City installs new park signs

December 7, 2009

By Tim Pfarr

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City officials worked with the sign company Trade Marx to install 41 new parks signs (left) in the city. The signs were distributed across five parks, including China Creek Park, which received a green entrance sign. By Tim Pfarr

City officials worked with the sign company Trade Marx to install 41 new parks signs (left) in the city. By Tim Pfarr

 The signs were distributed across five parks, including China Creek Park, which received a green entrance sign. By Tim Pfarr

The signs were distributed across five parks, including China Creek Park, which received a green entrance sign. By Tim Pfarr

During the course of a few rainy November days, workers from the sign and display company Trade Marx installed 41 new signs across five of the city’s parks: Lake Boren Park, Donegal Park, Windtree Park, China Creek Park and Highlands Park.The company replaced all Lake Boren’s old signs and installed tennis court rules signs that had not been present. More than a dozen signs were installed in Lake Boren Park.

It also replaced China Creek Park and Highlands Park’s old signs, and it added additional signs that had not been present to both parks as well. Donegal Park and Windtree Park previously had no signs, and the company installed new signs in both parks.

The Parks Commission established the priority of what parks received signs.

In addition to entrance signs, the company installed trail signs, park rules signs, wetlands signs, wetlands rules signs, playground rules signs, restroom signs and signs displaying schedules of parks facilities — such as shelters — that may be reserved.

The city contracted with NBBJ, an architecture and design firm, to design the signs.

Altogether, the city has spent about $38,000 on the parks signs in 2009, and that money funded both the design of the signs, the installation of the signs and staff costs associated with the project.

Director of Finance Christine Olson said the amount of money spent on parks signs in 2009 could increase to about $48,000 by the end of the year.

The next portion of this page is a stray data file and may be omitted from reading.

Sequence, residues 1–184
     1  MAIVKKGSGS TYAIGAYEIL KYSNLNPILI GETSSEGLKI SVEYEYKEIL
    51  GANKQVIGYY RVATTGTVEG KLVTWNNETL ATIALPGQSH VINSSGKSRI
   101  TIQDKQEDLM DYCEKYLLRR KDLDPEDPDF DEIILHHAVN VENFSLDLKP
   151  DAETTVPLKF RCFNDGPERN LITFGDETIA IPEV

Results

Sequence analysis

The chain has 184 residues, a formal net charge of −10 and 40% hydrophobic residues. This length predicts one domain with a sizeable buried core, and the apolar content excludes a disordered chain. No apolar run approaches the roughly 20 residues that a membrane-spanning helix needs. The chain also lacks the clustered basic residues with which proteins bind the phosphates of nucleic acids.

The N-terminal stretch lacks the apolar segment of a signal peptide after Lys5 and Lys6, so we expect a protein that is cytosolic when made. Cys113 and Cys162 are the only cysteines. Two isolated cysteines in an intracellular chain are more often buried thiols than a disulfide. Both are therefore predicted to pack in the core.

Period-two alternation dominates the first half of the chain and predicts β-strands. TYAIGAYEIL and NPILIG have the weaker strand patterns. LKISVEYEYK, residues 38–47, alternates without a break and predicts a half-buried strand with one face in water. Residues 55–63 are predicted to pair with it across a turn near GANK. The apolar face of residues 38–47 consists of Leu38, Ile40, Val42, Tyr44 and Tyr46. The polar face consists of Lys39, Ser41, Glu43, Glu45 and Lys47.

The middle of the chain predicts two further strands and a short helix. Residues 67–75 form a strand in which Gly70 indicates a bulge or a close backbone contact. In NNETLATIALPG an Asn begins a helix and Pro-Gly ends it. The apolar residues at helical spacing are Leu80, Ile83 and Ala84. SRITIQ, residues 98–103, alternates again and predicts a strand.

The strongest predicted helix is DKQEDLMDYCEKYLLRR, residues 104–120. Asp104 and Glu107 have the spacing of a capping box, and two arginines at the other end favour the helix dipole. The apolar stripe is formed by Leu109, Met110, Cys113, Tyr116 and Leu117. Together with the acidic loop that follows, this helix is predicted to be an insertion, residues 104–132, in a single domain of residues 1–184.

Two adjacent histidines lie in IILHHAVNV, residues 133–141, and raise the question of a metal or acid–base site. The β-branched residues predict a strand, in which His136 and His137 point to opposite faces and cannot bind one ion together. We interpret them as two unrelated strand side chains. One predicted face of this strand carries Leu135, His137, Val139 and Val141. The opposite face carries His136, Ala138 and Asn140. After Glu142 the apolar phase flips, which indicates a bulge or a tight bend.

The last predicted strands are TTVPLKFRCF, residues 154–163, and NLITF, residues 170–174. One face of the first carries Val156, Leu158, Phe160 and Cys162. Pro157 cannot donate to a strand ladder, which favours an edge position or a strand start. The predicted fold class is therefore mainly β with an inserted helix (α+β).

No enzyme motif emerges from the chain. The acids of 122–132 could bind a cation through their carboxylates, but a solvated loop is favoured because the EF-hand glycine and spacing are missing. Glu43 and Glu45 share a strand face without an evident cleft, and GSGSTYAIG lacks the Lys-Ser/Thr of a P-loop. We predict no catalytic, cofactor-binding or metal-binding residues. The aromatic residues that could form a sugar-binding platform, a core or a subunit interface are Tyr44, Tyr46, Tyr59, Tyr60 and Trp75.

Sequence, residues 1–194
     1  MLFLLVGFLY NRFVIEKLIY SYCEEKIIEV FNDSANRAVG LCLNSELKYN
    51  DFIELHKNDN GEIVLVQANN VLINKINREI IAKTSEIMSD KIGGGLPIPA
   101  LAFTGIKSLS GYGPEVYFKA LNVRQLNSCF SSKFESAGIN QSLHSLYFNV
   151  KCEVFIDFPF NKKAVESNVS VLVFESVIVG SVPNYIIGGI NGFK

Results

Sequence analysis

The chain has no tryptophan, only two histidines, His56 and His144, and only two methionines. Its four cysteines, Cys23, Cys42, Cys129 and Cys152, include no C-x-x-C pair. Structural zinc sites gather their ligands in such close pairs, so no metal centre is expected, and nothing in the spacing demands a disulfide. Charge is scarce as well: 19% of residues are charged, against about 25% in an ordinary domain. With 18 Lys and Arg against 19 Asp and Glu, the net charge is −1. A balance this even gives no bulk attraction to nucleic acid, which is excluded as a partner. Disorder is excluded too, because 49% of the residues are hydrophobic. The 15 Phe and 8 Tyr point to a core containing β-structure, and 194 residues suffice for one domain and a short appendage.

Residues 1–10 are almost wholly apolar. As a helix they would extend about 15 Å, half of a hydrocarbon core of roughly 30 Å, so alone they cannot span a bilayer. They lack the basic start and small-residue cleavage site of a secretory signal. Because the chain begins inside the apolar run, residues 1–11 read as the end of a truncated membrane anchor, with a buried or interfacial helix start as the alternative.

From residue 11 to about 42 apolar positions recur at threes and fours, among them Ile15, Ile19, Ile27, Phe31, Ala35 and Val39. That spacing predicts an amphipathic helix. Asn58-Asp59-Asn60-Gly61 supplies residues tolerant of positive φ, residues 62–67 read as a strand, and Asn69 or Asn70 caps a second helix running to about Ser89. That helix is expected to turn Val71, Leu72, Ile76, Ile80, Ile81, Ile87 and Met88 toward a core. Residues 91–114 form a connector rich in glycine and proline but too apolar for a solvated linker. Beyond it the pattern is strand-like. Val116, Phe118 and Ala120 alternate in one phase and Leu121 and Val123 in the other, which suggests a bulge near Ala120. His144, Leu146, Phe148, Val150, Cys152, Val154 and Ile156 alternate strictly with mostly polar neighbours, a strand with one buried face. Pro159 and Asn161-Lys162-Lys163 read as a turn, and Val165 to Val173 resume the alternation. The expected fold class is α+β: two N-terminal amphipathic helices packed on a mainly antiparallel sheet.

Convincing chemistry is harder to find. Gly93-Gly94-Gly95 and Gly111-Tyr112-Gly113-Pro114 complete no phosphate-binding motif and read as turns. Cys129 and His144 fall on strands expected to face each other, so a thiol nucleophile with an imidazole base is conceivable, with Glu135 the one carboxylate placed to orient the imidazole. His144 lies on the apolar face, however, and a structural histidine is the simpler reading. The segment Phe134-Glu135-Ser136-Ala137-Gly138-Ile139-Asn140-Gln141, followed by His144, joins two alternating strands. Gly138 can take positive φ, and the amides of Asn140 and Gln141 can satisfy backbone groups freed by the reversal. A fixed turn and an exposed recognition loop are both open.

The money for the project came from the parks fund.

Parks Program Manager Michael Holly said he likes the new look the signs bring to the city.

“I think that they really give that visual impact that we’re trying to identify the assets in Newcastle with,” he said.

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Comments

4 Responses to “City installs new park signs”

  1. Gretchen Paletta on December 8th, 2009 6:26 pm

    I wonder if Michael Holly has a 5 foot tall, neon green reflective sign in his front yard? 5 of my neighbors do. Does he want one? When I moved to my home in Windtree 9 years ago, I chose the neighborhood because of the woodsy, nature-filled environment. The “visual impact” I want is nature. NOT neon green billboards.

  2. Gretchen Paletta on December 9th, 2009 4:58 pm

    HOORAY! The city just took down the neighborhood 5 foot tall directional signs to Windtree Park!

    I hope they don’t feel a need to purchase more signs to replace them.

  3. Daniel Baker on December 12th, 2009 6:13 pm

    My sentiments exactly – as to both of Gretchen Paletta’s comments. YOU SAID IT RIGHT!

    I didn’t go to city hall to speak out; I have too many planes in the air to do that. I just would have expected the city to have better sense than that. I would invite anyone to inspect VERY closely those signs, and consider whether all that was necessary – the size, the raised lettering, the leaves on the turned over corner, the reflectorization. It was interesting to see how reflectorized the signs are; after dusk, you see VERY VERY clearly the directions to the park at which the rules say is closed at dusk. Hmmm.

    Now that the city chose to “brand” the street signs with that silly color, instead of using street sign colors that are standard across the nation, maybe they will reflectorize the street signs like the park signs so that those low contrast colors can be read at night.

    I liked the old insignia. It had some character. Now we have a plain simple “N”. I won’t comment on what I think the N means.

  4. Vineyard Resident on December 13th, 2009 7:05 pm

    I can’t believe the city continue to more of these ‘impossible to read in dim light’ signs. Who ever come up and those who approved this poor color and contract scheme should be fired.

    The old signs we had were perfectly fine!

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